The memoir of Clancy Sigal, a writer who spent a few years at the tail end of Hollywood’s golden age as a talent agent. He has to manage clients, his bosses, and tries to navigate the anti-communist Hollywood blacklist.
Sigal frequently cites Bogart’s In a Lonely Place as one of his favourite films, and you call almost feel him channel the booze-and-cigarettes-at-a-typewriter-energy into this book.
He writes in the present tense and as such his hard-boiled, cynical but frank and candid tone is right in keeping with the era even though he wrote the book only a few years ago in the final years of his life. I find it hard to believe anyone thinks or talks this way for real but it really helps put you there.
And ‘there’ is the seedy world of Hollywood in the 1950s. Hustlers, stars, wannabes, whores, producers, writers—it’s exactly what you’d imagine and it’s fully realised here.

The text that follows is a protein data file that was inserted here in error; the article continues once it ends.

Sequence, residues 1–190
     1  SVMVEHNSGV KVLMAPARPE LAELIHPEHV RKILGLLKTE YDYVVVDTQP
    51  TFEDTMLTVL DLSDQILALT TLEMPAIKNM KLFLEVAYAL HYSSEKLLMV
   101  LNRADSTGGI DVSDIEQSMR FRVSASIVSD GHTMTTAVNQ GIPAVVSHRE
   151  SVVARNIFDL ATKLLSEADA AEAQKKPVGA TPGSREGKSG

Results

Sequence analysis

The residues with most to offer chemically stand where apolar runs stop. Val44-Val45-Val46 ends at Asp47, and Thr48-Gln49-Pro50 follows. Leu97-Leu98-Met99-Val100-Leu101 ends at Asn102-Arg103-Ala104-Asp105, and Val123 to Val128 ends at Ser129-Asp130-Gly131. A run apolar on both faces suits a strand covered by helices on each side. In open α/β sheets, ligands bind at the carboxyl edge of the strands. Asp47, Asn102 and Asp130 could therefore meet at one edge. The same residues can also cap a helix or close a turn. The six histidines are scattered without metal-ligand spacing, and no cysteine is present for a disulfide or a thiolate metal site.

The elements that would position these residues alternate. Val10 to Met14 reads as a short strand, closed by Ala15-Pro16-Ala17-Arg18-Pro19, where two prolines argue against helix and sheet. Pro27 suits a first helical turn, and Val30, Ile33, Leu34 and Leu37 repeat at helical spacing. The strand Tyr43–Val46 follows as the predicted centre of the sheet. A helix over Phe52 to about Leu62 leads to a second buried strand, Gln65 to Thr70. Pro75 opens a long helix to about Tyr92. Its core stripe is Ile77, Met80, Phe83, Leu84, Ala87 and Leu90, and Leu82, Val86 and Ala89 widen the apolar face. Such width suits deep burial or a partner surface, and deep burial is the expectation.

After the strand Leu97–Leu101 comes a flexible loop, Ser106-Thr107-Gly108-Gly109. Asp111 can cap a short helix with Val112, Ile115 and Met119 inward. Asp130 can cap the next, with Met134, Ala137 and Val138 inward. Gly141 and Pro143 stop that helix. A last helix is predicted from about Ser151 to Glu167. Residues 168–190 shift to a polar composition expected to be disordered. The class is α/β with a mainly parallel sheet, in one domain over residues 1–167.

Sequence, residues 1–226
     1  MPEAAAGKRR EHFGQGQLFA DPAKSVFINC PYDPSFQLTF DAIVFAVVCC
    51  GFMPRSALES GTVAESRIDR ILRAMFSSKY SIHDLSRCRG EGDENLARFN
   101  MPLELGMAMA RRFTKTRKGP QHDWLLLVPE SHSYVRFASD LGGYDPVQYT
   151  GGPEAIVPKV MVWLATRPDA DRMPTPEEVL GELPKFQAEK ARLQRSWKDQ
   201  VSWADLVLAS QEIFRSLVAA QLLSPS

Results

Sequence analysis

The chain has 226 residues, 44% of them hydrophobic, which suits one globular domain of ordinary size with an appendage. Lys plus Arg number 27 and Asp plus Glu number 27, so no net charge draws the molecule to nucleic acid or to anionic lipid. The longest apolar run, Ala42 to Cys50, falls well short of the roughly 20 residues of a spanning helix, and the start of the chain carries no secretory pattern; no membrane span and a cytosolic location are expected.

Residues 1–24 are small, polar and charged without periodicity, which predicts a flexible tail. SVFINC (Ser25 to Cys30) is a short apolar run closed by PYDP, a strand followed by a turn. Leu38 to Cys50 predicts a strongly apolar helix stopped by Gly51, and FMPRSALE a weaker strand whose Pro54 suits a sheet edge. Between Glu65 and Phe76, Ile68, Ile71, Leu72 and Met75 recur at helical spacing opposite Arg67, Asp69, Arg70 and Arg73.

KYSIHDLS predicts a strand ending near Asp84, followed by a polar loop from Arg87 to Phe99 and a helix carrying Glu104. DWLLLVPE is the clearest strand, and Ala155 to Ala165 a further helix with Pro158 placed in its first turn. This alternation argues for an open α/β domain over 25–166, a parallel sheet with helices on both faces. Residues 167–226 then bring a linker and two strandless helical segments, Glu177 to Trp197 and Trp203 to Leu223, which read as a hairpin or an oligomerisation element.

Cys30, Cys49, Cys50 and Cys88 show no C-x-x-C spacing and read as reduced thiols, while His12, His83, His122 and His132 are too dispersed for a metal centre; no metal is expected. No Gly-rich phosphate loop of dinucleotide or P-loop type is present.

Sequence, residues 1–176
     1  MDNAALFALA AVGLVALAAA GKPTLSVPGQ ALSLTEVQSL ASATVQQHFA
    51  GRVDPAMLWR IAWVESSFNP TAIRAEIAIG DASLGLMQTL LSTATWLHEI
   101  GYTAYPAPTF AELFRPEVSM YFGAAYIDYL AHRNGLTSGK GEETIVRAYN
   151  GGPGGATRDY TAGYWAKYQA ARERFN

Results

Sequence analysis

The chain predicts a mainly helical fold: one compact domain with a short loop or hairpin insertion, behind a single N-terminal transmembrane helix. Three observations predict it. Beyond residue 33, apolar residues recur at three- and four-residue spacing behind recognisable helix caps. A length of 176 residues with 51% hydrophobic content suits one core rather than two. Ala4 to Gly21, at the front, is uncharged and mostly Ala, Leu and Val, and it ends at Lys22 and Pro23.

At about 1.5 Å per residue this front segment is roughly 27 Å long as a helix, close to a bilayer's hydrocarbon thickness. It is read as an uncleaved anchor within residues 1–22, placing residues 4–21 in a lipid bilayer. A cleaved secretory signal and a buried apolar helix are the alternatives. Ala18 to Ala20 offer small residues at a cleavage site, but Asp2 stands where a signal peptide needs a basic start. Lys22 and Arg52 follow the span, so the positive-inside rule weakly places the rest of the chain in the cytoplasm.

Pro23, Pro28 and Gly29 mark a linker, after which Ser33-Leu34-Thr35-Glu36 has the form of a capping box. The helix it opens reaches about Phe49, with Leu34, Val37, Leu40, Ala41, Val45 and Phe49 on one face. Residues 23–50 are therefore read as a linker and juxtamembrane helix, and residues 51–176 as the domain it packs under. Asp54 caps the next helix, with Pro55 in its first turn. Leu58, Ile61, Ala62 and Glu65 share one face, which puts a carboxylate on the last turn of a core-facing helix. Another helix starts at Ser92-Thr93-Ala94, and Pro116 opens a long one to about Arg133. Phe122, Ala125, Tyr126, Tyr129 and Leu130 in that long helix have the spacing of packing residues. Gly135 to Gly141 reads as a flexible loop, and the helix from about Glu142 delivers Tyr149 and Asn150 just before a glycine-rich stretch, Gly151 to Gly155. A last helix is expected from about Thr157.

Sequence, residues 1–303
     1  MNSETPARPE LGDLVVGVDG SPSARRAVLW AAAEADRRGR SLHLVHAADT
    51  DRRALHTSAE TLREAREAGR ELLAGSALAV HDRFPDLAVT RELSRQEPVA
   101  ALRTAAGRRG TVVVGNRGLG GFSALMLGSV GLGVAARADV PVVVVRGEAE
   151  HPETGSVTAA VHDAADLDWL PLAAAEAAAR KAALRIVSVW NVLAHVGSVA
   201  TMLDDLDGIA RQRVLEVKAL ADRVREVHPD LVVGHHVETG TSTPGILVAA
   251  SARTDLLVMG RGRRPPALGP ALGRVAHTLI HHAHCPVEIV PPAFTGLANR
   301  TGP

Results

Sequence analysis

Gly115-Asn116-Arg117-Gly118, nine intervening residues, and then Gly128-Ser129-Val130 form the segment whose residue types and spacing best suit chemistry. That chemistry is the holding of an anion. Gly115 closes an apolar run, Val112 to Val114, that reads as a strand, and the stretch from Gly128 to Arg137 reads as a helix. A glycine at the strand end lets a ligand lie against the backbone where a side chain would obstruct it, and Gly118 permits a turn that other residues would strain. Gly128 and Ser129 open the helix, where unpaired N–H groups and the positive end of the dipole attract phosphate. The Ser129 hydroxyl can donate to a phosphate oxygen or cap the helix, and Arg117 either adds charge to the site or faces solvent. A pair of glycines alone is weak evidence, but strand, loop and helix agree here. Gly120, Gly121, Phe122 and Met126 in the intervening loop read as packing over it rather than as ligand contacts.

I love tales of Humphrey Bogart getting old lines from his movies wrong, but Black Sunset’s legacy will be its memories of the Hollywood blacklist. Friends selling friends out just keep their heads above water under constant surveillance from the FBI. Sigal is keen to shine a light on the inward anxiety that being followed and bugged all the time gave him (often manifesting in physical symptoms), and contrasts it with the adopted outwardly macho persona required of the business.
It’s a wild, breakneck ride that ends as abruptly as at begins—a great memoir from a unique voice.